News agency, Cape Town, South Africa
Sunday May 20th 2018

Gugulethu informal settlement flooded with filthy water

Siyabonga Kalipa

Because of the heavy winter rains there are puddles of dirty water in almost every informal settlement in Cape Town. When the sun comes out they drain away. But the residents of Lotus River informal settlement in Gugulethu have had water lying outside their doorsteps for about two years – in summer and winter – and they don’t know where it comes from. The water is filled with rubbish and excrement and makes their children sick.

Resident and mother of two children Nompembelelo Mdudu, who has been living there since Lotus River was first erected in 2003, said people who lived outside the squatter camp threw their rubbish in the pools of green stinking water which sat in front of the squatter camp shacks, and even emptied their toilet buckets there.

“Our children are the ones who are in danger because children play, especially with water, and this can get them infected,” said Mdudu.

She said it smelled terrible now but was even worse in the summer heat.

“The smell stays in our houses and brings us flies and mosquitoes.”

She said the least the city could do was provide a skip so the rubbish could be thrown into it and carted away.

Zine Mpetsheni, who moved to the area at the beginning of the year, said: “Some people even throw shit next to our houses which makes the smell even worse. We are appealing to the municipality to at least provide us with a container, or anything people will throw their rubbish into. The way we live here is not healthy at all.”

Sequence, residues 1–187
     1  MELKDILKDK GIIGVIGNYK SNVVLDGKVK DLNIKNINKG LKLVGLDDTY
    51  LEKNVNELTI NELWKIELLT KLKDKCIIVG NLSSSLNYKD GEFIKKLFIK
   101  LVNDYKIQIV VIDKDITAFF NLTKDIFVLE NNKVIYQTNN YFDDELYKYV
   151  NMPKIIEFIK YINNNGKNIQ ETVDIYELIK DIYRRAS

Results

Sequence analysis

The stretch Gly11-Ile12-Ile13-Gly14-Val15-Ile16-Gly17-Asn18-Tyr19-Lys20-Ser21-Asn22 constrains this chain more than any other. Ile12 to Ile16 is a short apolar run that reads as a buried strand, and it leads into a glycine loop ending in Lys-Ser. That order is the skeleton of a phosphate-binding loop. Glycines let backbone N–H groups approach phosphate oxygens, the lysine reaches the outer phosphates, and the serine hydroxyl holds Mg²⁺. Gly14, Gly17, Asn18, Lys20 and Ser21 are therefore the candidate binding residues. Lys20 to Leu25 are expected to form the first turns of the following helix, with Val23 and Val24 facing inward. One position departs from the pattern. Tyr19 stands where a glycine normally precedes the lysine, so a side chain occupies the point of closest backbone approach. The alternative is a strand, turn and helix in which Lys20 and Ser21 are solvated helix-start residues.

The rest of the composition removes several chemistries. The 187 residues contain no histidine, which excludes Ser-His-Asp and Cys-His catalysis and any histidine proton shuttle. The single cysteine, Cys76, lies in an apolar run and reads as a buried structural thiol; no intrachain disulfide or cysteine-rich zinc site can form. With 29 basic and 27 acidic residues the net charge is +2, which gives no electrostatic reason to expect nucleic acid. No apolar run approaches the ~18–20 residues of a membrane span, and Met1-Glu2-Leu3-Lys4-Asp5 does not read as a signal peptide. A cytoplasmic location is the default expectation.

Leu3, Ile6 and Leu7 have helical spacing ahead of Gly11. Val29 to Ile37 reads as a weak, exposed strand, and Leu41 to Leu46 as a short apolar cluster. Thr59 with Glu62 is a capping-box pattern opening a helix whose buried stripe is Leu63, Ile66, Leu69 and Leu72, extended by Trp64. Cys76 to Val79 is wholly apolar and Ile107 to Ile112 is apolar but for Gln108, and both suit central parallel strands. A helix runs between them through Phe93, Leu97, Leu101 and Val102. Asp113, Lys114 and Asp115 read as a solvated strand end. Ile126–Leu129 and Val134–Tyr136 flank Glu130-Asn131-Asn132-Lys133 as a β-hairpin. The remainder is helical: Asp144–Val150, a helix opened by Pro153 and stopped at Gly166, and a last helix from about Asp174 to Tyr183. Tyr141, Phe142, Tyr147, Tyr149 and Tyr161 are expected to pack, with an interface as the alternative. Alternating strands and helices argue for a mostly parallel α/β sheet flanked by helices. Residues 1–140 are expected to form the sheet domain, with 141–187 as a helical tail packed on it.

And people who stay outside the squatter camp get angry when Lotus River residents confront them about throwing rubbish in front of their houses.

“When we try to approach the people who throw their rubbish next to our house they become violent, saying we built houses there knowing how the place looks.,” said Lotus River resident Nosive Dingezweni.

The ward 42 councillor Mandisa Matshoba said she was aware of the situation.

Matshoba said as a result of her efforts “a development” would start in the next two weeks.

But she would not say what the “development” was.

“Even though things do not happen over night I am hoping not later than next year things will see some improvement,” she said.

City of Cape Town informal settlements manager Mzwandile Sokupa said there had been water in that area for years, but it was less in summer.

“People don´t understand that the water table level rises significantly in winter. They just build houses in summer when it’s dry,” said Sokupa.

When asked about the waste in the area Sokupa said: “I can’t comment on the waste, the City of Cape Town Solid Waste Management can help you.”

The City of Cape Town Solid Waste Management could not be reached for comment. – West Cape News

Tags: lotusriver

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